Why to Incorporate in Delaware

But I Don’t Want to Incorporate In Delaware

By J. Dain Dulaney, Jr.

“But I don’t want to incorporate in Delaware!” is a common reaction that founders have when a new investor – often a venture capital fund or some other institutional investment group – makes an offer to provide financing to their company, but only if the company changes to a Delaware corporation.

There is a lot of misinformation out there concerning this requirement and I’d like both to clear up the misconceptions and tackle the real reasons for the requirement.

Misconceptions About Delaware

The most common misconception that founders have is that institutional investors want the company to move to Delaware because taxes are lower in Delaware. However, the truth is, there’s no tax advantage to being in Delaware.

Delaware’s corporate taxes are about the same as most other states, including North Carolina. In fact, tax-related expenses will likely be slightly higher in Delaware because the company will have to pay tax preparation and annual fees for both Delaware and the state where its operations are located.

Another misconception that founders have is that it’s less expensive to do business in Delaware. Once again, the answer is no. The cost of the company incorporating, paying for a registered agent, and filing to do business in the Delaware certainly won’t be a money saver.

So, Why Delaware?

Institutional investors like for companies to be incorporated in Delaware because it is the only state’s law that all U.S. lawyers, who practice in the area of capital raising, are familiar with. This is because the state’s laws are kept as modern as possible, and there is a strong body of case law formed around Delaware’s corporate laws that clarifies their meaning. Whether your company has investors located in California, Massachusetts or Indiana, the attorneys advising them will all be comfortable reviewing the documents of a Delaware corporation.

These same attorneys would not have the same comfort level for a company incorporated under the laws of North Carolina, for instance, because they would have to research the ways in which North Carolina corporate laws are different than Delaware’s corporate laws. In other words, by being incorporated in Delaware, there are less barriers to raising money from investors outside the state where your company is located.

Why a Corporation?

Institutional investors also often want the company to be set up as a corporation versus an LLC that is taxed as a partnership or S-corporation (both of which are pass-through entities from a tax perspective, meaning that any gains or losses of the company are passed through to the owners, including the investors). Why?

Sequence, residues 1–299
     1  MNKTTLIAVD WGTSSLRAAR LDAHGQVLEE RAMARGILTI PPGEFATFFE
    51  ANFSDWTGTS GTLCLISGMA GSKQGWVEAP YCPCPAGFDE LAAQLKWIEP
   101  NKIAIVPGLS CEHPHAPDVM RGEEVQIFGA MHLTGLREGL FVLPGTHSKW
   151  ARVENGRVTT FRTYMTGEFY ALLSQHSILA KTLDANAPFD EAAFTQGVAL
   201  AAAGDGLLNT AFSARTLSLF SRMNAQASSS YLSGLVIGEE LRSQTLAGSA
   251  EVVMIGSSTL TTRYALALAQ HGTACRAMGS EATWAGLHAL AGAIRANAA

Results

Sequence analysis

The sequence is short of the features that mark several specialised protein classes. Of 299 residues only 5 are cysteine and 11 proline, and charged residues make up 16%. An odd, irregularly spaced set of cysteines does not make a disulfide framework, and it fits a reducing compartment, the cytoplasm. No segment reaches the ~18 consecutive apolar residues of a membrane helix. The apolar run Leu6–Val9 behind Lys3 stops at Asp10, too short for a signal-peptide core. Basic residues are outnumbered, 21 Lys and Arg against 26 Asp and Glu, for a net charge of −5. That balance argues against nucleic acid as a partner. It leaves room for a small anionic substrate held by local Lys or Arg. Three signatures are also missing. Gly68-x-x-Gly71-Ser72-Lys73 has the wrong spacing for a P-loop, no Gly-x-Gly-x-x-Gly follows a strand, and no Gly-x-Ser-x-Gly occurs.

The reasons institutional investors want you to set up your company as a corporation include:

  1. Institutional investors often don’t want to complicate their tax situation by becoming a member of a pass-through entity, including that they could be taxed on the entity’s income even in years when no cash is distributed to them to cover the tax;
  2. Some institutional investors can’t invest in pass-through entities because their own investors are not allowed by tax law to invest in pass-through entities;
  3. Institutional investors are more comfortable structuring the corporate governance of a corporation in a way that protects their interests; and
  4. The investor is certain that any funds that are put into the company and any profit made by the company will remain in the company. If the investor put funds into an LLC or S-corporation then any profits would have to be distributed, or taxed as though distributed, at the end of each year.

I do want to clarify that the above reasons are why institutional investors will require a company to become a Delaware corporation. However, until the company has grown enough to be funded by an institutional investor, most non-institutional investors (including angel investors), are increasingly comfortable with the company being structured as an LLC taxed as a partnership, which has initial tax benefits for investors and founders and good flexibility to allow for ownership structures to meet founder’s goals.

I have set up numerous start-ups as LLC’s and if they progress to the point where they receive institutional investor funding, the legal process to convert them to a Delaware corporation is straightforward in most states, including in North Carolina.

Graduation to Institutional Investment

When founders worry about converting to a Delaware corporation because it is a state they are not familiar with and a different corporate structure, I remind them that it’s actually a graduation to the next stage of funding and growth. I congratulate them on growing to the point where an institutional investor is willing to take risk and invest in their growth by requiring them to become a Delaware corporation!

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